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Sudsy Wants You to Join the Oregon Commentator

Hold on while I barf, k thanks.

Most of us know that it’s not a good idea to refurbish food- mainly because food is not a computer, phone, or iPod. The folks at One Great Burger in New Jersey seem to be missing this insight.

During an investigation fueled by consumer complaints, the U.S. Department of Agriculture’s Food Safety and Inspection Service (FSIS) found that “the establishment repackaged and recoded returned products and sent them out for further distribution to institutional customers.” Whereas the 20 lbs packages of “ONEGREAT HAMBURGERS” were produced between January and May of 2010, their “packed on” dates are labeled with dates between July and November of 2010. There have been no reported illnesses linked to the meat, which was distributed to institutions in Oregon and California. Nonetheless, FSIS recalled the meat as of January 10th, labeling it as a Class II recall. The USDA defines a Class II recall as a “health hazard situation where there is a remote probability of adverse health consequences from the use of the product.”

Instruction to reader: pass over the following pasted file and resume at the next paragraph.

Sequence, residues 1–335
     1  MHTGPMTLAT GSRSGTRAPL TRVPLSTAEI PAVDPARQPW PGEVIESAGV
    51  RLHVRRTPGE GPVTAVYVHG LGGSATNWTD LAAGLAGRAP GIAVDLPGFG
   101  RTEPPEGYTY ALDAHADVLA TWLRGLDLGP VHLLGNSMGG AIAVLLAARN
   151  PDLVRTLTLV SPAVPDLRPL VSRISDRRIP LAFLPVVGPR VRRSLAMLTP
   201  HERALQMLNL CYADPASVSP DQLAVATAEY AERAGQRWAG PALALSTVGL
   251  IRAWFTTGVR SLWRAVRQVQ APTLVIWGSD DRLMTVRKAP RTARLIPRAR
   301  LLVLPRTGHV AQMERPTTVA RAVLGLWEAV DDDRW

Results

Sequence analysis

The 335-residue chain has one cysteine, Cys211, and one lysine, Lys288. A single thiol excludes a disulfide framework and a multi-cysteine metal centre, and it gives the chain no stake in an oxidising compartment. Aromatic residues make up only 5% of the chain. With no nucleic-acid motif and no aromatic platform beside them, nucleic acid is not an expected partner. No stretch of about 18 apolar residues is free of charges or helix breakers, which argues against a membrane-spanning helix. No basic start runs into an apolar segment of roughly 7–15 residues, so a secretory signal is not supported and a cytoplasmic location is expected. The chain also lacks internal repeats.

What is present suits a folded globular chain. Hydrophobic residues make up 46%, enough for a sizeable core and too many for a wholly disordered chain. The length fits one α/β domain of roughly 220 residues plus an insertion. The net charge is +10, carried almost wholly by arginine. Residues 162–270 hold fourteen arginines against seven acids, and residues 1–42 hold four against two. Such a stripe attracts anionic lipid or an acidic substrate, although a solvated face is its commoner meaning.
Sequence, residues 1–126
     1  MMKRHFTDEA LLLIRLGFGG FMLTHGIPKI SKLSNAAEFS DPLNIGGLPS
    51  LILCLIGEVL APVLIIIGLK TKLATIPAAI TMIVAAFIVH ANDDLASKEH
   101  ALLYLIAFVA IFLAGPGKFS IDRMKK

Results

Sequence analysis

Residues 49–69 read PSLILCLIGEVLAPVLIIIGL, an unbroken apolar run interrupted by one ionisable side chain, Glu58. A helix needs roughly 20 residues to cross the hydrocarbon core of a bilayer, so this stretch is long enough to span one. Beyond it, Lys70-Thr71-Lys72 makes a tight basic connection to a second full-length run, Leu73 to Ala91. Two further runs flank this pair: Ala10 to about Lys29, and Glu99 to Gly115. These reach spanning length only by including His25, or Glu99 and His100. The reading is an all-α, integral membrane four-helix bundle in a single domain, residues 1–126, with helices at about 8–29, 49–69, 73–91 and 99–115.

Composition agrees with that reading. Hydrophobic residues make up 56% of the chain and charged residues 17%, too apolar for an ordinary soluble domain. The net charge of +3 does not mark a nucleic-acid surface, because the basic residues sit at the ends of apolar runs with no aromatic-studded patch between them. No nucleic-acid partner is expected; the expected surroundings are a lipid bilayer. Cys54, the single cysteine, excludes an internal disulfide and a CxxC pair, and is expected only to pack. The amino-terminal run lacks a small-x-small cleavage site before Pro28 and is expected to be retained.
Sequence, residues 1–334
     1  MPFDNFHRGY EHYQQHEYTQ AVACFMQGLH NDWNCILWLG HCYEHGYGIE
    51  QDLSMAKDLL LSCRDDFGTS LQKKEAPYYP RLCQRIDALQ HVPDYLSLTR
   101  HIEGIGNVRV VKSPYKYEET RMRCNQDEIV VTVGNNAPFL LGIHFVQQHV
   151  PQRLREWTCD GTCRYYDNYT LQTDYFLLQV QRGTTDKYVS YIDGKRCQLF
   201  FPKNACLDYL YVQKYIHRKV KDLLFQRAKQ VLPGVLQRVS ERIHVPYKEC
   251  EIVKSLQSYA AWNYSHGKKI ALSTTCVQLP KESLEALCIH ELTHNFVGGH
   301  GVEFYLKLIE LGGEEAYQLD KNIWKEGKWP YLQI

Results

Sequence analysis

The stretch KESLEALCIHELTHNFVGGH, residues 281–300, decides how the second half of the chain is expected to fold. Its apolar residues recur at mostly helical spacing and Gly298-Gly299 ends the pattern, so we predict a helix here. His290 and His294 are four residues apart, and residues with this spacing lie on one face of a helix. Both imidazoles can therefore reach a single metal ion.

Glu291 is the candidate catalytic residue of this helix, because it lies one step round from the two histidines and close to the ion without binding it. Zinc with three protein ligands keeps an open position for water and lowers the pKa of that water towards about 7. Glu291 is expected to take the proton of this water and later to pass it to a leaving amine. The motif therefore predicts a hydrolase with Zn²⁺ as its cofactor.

Usually, a returned product has a quality issue. Thus, it doesn’t make much sense, especially with a perishable item, to turn around and sell it again. The quality only diminishes further which becomes more expensive for the company when the product is returned again and the returns departments must deal with the issue not once, but twice. In addition, a firm’s reputation reflects the lemons they are selling. At some point, the buyers will realize that perhaps a lower price isn’t worth the hassle thus diverting their business and inadvertently signaling to other buyers the inferiority of the product.

Yet, sometimes products are returned because of a miscommunication or mistake during the ordering process. This is a complicated situation that must be handled very carefully. To some extent, repackaging makes sense- however, opening a package exposes the meat to a variety of germs. The ethics of simply repackaging something are questionable, but the practice of relabeling products with a new “packed on” date is scummy. While the ethics of repackaging are certainly debatable, all evidence indicates that One Great Burger did not take enough precautions when repackaging their meat. If they had, the USDA would not have conducted an investigation.

One would think the mass of complaints that gained the USDA’s attention would have been enough for One Great Burger to take action but it’s not surprising considering the level of obliviousness exhibited by the company. Hopefully the effects of a recall will get the point across.

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